seeing educational podcasts being released by companies like IBM and
Cisco. Cisco has several podcasts on their Website that explain computer
networks and the hardware needed to support them. Drawing on the
companys experts, the Cisco podcasts are genuinely educational and not
just 20 minute infomercials for their products. Many companies could
follow this model. Other approaches would work, too.
For instance, a car parts manufacturer like Delphi, should it survive,
could produce videos that demonstrate how to install the car parts they
sell. A home mechanic, or professional one for that matter, would be
able to watch a video showing step by step exactly what to do while they
were making the repair. Previously, it hasnt been practical to have a
computer video playback system in a garage. Its practical to have an
Apple iPod nearly anywhere. From a marketing perspective, a product that
comes with a video that explains how to install or use it is probably
more likely to sell than a comparable product marketed without it. How
much more likely would depend on how complex the installation or use of
the product is, but for many products, it could be significant.
Hardware stores could use a variation of this, too, by offering their
customers videos to help them install and repair home improvements. By
offering to load the videos on to a customers iPod in the store at the
time of purchase, hardware stores could offer the convenience of
providing a much higher bandwidth, and shorter loading time, than a
customer could get at home through an Internet connection.
Even more opportunities could be present in the future. It has been
estimated that by 2009 sales of MP3 players will reach one billion units
per year. Most will be wireless and have video screens, and they will be
at least as common as cell phones are today. In a world where the
average person is expected to have video player with them, some very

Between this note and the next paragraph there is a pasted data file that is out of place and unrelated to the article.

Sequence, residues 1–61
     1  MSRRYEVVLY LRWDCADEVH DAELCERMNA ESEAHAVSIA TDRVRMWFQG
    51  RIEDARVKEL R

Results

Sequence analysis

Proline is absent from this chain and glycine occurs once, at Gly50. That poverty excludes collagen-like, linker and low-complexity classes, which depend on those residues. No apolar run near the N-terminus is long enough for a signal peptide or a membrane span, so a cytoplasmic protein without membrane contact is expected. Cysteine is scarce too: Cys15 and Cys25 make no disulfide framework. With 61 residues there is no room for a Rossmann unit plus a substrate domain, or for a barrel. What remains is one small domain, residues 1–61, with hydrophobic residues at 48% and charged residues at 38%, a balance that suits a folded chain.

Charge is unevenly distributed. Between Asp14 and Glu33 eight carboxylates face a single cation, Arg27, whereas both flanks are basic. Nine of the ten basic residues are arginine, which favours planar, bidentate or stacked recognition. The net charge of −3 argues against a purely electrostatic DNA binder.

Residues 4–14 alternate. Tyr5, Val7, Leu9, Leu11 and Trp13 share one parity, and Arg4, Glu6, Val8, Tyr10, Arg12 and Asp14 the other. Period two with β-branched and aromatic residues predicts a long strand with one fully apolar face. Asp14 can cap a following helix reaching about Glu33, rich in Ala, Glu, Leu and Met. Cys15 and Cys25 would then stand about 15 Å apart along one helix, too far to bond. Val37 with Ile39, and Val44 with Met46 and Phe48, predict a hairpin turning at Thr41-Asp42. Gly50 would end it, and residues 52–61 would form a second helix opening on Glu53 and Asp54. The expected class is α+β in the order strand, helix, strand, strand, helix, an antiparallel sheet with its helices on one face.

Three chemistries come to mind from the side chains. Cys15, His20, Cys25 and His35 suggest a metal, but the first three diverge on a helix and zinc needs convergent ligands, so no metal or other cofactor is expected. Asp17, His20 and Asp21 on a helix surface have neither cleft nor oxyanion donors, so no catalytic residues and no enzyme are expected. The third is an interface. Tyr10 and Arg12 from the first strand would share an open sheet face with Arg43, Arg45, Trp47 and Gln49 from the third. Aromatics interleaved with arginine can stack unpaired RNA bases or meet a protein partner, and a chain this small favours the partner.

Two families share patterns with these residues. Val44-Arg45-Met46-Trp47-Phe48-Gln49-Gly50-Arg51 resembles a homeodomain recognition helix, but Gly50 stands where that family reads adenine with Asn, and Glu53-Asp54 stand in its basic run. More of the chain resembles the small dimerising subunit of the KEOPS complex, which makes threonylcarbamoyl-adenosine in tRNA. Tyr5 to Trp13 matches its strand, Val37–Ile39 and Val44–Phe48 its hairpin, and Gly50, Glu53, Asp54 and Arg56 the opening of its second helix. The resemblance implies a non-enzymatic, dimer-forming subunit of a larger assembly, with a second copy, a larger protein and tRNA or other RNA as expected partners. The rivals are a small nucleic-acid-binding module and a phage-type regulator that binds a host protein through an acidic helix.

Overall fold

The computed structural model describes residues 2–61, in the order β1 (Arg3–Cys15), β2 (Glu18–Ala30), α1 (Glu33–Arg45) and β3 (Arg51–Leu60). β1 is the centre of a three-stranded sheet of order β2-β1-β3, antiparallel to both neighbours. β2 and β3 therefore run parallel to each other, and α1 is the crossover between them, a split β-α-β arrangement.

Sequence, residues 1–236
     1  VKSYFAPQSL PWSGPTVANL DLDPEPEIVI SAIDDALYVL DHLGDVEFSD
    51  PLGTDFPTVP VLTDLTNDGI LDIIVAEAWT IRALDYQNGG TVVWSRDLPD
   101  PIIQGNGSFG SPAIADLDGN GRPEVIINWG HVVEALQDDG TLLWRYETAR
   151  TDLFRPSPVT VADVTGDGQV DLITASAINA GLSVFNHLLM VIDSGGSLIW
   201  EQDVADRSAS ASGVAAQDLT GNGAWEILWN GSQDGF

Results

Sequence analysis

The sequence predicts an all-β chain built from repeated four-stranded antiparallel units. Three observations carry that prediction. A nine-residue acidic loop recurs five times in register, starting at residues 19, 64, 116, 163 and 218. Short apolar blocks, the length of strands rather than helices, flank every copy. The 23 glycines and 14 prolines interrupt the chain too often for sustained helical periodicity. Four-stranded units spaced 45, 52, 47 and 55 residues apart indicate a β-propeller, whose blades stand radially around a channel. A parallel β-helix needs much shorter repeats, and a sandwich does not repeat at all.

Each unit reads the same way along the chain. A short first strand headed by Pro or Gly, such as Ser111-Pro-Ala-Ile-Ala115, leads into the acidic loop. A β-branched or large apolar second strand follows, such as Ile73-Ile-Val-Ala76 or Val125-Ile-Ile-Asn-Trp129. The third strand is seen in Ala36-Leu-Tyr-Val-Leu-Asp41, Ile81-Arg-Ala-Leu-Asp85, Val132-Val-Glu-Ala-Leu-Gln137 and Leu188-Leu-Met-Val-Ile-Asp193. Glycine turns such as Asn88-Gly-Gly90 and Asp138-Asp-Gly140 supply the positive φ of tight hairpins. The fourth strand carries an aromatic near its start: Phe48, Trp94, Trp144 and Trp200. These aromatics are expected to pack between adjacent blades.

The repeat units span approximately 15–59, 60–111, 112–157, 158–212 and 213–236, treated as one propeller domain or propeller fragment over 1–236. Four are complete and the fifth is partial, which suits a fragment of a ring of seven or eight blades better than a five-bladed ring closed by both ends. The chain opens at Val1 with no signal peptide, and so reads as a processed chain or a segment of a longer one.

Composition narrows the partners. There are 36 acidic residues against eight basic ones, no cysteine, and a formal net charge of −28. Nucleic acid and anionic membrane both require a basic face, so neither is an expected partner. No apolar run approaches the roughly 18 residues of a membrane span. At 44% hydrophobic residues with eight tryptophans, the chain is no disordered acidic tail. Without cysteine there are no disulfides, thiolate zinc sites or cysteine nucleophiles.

common marketing devices could take on new dimensions.
For instance, video players could change how products are presented to
consumers at exhibitions like car and boat shows. At car shows, booths
frequently have a single video display playing a promo about several
models and features in a linear format that may take 5-10 minutes to
complete. In the world of the future, each booth would broadcast menus
that let consumers see exactly what videos on exactly what models they
wanted information about, and without waiting 5 minutes or more to get
to the part of a video they were really interested in. This approach
would also make car shows a lot more peaceful. Instead of dozens of
exhibitors blaring audio trying to drown each other out, everyone one
would be listening with headphones in an atmosphere of peace and quiet
(much like many museums do now with rental headphone systems).
Its too early to say whether Apples video iPod system will be a
success, but their system to sell video programming directly to
consumers will probably be one of the most far reaching innovations they
ever came up with. Advertisers need to start planning to counter its
effects now. At the rate Apples going, next year may be too late.
Glen Emerson Morris has worked as a technology consultant for Network Associates, Yahoo!, Ariba, WebMD, Inktomi, Adobe, Apple and Radius, and is the developer of the Advertising & Marketing Review Data CD.
Back to top